I believe that God has called every one of us — man, woman, and child — to a life full of meaning, fulfillment, and grace. Each life has its own unique bent; some, like myself, are called to ordained ministry, others are sent into the corporate work place, while others are called to the teaching, healthcare, or law enforcement professions, just to give a few examples.
    Yes, your life has its own special divine calling. You are the only one who can follow it. You are the one chosen by God to fulfill God's own particular mission.
     It's a high calling. But you are equipped for it. And so am I.

The Longest Week

If you haven’t noticed, the Scriptures chosen for Lent’s sermons are all drawn from the last couple of days of Jesus’ life. On the first Sunday of Lent, I spoke about the Last Supper, and last Sunday, I preached on Jesus’ prayer in the garden of Gethsemane as the disciples slumbered. This week, the Scripture covers the moment of Jesus’ arrest (Luke 22:39-46).

I think it’s important to spend as much time as possible on the passion (which means “suffering”) and crucifixion of Jesus, because the bulk of the gospels are consumed with these events. In fact, a New Testament scholar once described a gospel as a “passion narrative with an extended introduction.” 

The point is that the passion and crucifixion of Jesus deserve a good deal of our time and attention. Lent is the perfect time to do that. In fact, it was designed to force us into a time of reflection upon these events and determine what they mean to our faith.

It means a number of different things to me, but in this space I simply want to highlight the vital and significant fact that Jesus suffered.

If the incarnation is true, if Jesus really was God incarnate, then it is highly significant that he suffered. Traditional Christian orthodoxy holds that Jesus was “fully divine and fully human.” If this is correct, then it means that, whatever divine characteristics he might have had, he was also very much flesh and blood. He didn’t get a break from the pain, from the shame and embarrassment, from the horror of what unfolded around him. He didn’t know everything that was going to happen to him; the prayer in the garden reveals that he was afraid and anxious.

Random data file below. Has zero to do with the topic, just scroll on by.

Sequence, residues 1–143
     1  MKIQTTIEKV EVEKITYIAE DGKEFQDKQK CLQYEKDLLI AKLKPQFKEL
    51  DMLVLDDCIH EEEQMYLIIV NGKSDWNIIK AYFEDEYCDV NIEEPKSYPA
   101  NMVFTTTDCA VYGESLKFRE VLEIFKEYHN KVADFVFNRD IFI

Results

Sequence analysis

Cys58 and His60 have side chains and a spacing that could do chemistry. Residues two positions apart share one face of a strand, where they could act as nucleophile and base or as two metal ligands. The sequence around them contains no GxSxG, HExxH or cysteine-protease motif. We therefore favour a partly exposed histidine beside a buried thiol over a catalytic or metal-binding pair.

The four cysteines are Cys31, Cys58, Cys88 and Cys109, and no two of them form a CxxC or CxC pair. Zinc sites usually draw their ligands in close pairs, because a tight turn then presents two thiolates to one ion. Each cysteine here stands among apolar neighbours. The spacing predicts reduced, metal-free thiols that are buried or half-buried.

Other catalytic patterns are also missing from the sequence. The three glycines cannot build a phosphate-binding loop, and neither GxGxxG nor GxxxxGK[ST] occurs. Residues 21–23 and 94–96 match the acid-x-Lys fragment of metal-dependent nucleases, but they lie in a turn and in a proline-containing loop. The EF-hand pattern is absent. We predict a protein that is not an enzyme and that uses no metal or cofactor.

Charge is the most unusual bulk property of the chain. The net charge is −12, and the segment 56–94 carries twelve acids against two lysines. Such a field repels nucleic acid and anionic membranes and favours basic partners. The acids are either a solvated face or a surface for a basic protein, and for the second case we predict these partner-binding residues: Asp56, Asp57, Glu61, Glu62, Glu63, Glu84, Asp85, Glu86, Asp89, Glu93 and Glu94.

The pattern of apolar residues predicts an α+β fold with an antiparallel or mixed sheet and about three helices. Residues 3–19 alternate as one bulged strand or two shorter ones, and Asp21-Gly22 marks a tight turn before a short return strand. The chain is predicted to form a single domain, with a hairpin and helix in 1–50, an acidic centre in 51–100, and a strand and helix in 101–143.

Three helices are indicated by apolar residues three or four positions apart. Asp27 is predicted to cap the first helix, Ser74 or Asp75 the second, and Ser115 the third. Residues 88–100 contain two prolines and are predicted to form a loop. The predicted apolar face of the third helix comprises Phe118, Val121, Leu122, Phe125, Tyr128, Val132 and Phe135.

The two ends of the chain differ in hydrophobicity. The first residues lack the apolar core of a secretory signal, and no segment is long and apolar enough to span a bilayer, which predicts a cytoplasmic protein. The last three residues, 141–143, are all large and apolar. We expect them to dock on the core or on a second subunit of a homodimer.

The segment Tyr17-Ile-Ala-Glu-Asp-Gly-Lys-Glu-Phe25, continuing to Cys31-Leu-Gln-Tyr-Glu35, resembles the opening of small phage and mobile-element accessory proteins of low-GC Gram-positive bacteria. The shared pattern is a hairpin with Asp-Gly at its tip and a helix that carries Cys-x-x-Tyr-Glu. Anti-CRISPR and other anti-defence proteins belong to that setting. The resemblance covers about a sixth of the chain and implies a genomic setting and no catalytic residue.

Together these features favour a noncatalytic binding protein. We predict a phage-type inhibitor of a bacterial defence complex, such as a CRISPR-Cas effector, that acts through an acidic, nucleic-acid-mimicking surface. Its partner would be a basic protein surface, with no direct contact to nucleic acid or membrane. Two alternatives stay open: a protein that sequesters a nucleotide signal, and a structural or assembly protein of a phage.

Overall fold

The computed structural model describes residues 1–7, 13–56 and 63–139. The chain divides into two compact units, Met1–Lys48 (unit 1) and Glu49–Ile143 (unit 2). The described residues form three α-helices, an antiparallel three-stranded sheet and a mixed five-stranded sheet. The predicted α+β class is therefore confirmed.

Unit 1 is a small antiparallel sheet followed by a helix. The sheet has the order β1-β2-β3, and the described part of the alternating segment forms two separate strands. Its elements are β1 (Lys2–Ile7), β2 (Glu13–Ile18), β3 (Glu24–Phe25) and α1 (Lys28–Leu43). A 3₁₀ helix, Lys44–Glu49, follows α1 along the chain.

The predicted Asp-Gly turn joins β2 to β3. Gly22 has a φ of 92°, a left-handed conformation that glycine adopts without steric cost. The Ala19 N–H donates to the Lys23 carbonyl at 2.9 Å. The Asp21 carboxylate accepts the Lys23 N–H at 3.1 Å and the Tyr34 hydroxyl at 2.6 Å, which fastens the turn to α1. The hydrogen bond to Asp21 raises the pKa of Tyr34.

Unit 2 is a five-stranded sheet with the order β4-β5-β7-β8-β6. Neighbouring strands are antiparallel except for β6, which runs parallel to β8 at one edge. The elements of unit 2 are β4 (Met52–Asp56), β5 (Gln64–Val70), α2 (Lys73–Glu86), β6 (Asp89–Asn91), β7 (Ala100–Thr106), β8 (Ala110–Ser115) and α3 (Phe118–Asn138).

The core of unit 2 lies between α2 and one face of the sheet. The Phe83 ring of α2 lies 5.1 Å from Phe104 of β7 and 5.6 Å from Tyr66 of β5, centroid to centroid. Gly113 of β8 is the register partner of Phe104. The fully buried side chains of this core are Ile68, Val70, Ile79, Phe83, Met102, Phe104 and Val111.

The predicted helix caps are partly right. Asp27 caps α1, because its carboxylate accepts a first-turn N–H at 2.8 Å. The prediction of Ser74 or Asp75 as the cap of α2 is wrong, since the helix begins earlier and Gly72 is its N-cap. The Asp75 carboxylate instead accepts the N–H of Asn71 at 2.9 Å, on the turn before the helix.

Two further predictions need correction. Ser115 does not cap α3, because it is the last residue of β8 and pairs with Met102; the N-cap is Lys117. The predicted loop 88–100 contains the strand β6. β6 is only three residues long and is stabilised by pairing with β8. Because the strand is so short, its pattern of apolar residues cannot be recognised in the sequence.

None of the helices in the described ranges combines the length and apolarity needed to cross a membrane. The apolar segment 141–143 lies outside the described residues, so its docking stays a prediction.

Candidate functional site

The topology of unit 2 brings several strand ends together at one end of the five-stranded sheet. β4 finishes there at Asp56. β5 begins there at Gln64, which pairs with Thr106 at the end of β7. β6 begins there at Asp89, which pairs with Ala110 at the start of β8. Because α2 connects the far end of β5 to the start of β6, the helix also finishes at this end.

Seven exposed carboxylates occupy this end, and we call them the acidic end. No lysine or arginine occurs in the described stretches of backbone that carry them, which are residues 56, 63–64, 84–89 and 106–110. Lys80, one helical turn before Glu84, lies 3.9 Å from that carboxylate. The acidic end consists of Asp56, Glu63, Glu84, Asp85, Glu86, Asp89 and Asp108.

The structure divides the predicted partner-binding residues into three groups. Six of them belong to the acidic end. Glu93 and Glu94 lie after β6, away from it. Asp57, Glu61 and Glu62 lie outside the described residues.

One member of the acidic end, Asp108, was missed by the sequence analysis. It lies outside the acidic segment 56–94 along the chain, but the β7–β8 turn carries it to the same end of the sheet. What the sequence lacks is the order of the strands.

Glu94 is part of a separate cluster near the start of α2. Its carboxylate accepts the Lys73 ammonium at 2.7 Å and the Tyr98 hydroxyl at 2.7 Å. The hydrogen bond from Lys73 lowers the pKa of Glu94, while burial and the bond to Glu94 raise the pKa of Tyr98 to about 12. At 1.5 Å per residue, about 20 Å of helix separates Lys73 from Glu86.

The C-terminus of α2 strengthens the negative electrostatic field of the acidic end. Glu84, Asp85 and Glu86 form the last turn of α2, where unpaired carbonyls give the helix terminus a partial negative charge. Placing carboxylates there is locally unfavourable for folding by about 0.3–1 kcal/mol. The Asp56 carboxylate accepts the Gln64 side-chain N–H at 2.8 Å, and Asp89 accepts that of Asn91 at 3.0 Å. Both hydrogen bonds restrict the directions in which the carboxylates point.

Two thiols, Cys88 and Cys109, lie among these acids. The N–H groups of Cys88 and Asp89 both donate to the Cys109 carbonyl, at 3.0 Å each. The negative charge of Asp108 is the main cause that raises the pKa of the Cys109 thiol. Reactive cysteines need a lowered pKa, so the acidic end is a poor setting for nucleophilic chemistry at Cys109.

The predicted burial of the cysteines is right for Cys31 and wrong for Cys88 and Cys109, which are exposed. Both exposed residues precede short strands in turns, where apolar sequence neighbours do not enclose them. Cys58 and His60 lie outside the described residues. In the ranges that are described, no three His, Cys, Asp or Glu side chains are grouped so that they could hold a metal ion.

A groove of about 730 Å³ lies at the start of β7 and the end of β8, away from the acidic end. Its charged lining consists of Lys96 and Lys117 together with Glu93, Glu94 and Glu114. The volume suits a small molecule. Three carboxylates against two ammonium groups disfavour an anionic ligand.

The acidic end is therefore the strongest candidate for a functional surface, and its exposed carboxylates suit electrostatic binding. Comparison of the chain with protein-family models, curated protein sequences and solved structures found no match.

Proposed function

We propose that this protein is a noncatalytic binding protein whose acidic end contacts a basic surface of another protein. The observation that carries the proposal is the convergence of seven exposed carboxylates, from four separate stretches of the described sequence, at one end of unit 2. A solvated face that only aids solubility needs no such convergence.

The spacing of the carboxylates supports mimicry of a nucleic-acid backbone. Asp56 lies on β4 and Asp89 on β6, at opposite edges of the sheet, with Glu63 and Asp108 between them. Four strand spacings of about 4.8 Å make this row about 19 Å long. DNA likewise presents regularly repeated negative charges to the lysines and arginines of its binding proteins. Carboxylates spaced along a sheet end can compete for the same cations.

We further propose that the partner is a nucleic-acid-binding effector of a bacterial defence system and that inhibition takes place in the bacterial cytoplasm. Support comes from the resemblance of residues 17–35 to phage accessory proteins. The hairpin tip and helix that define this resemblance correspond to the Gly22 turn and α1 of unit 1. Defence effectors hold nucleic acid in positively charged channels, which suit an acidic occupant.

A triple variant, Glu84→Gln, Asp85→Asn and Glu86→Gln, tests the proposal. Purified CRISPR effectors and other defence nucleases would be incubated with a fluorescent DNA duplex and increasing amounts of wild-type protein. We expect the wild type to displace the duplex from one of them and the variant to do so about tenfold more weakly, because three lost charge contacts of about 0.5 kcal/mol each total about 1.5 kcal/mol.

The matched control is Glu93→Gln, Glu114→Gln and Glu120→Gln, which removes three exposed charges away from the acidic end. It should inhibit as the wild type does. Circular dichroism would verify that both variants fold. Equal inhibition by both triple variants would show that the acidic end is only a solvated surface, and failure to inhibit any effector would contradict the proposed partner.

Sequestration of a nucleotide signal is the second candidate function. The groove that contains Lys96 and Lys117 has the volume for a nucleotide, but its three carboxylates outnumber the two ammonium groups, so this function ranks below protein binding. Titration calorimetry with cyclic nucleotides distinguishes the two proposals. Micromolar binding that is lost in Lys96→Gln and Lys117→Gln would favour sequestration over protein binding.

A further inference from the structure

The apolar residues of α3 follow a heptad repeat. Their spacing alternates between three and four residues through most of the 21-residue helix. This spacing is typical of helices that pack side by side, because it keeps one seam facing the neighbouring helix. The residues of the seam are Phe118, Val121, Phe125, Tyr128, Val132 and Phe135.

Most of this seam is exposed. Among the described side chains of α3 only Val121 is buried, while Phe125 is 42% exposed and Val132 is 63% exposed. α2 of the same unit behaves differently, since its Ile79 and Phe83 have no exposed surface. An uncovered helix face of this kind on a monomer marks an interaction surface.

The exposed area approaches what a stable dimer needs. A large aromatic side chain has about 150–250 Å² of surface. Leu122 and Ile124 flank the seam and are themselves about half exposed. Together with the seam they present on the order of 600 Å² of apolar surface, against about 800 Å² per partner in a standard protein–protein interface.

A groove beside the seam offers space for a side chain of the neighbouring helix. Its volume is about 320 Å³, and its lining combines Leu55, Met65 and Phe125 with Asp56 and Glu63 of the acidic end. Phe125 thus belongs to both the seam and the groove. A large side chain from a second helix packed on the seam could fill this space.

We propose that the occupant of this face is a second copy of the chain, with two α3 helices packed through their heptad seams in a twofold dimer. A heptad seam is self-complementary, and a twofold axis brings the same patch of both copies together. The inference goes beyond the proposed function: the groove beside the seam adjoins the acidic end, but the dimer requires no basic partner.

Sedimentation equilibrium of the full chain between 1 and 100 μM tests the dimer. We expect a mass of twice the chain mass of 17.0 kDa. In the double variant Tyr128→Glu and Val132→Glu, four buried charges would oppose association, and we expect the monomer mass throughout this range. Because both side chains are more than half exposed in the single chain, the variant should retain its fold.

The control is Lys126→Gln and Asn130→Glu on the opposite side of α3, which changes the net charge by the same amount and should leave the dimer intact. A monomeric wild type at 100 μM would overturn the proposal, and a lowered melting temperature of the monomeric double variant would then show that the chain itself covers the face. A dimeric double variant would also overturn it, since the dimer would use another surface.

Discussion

The reason that this is important to me is because it means that Jesus and I are connected by human suffering. Neither of us are exempt from the world’s worst. I feel a sense of solidarity with Jesus in this matter. And not only me, but all of those who suffer, all of the world’s people who feel alone or hopeless or afraid.

Taking the doctrine of incarnation one step further, this means that God understands my suffering. When I experience fear, I can trust that God empathizes with that emotion. When I experience pain, I know that God has been in pain. 

And this means that the God we worship is not an impersonal, abstract, or vague notion. It means that God has entered the human situation and chosen to be on our side. God is with us, not against us.

Everybody hurts in a different way, but the story of Jesus’ passion ties all our suffering together. Lent teaches us that our suffering is not meaningless or vain, but that it will be turned into glorious victory on Easter Sunday.